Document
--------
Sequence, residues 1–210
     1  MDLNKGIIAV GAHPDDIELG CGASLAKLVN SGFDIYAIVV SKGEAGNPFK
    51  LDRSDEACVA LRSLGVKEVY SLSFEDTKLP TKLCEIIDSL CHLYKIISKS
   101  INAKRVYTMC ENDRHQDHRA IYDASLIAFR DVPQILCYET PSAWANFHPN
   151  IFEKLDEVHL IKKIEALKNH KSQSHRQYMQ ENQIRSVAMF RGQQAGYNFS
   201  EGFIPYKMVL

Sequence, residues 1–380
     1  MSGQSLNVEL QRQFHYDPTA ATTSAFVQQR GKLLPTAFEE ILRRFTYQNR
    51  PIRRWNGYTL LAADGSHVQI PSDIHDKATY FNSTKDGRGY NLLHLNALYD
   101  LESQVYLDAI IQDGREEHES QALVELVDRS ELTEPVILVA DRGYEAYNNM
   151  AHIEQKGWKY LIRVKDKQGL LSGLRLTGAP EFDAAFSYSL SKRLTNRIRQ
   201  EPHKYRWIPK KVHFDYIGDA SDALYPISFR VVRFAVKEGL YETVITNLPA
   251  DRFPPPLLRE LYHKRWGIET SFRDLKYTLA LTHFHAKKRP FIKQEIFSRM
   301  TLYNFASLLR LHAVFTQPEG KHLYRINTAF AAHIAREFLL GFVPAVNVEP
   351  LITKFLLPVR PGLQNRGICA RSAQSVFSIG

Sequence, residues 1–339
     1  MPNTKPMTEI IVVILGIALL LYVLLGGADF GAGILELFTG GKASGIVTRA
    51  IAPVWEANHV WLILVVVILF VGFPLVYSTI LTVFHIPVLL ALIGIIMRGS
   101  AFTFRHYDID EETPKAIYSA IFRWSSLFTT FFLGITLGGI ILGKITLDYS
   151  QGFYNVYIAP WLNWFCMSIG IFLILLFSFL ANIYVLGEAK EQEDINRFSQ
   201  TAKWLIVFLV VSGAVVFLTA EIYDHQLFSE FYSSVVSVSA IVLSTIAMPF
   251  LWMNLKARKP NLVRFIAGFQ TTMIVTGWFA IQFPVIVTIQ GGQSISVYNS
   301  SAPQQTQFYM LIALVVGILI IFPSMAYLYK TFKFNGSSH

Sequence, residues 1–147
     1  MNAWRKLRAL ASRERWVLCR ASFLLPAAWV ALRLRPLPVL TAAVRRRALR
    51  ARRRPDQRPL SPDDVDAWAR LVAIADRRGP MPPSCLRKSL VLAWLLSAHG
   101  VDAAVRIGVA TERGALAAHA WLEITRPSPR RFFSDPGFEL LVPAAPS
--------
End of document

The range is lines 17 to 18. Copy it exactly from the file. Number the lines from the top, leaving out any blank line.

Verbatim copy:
     1  MPNTKPMTEI IVVILGIALL LYVLLGGADF GAGILELFTG GKASGIVTRA
    51  IAPVWEANHV WLILVVVILF VGFPLVYSTI LTVFHIPVLL ALIGIIMRGS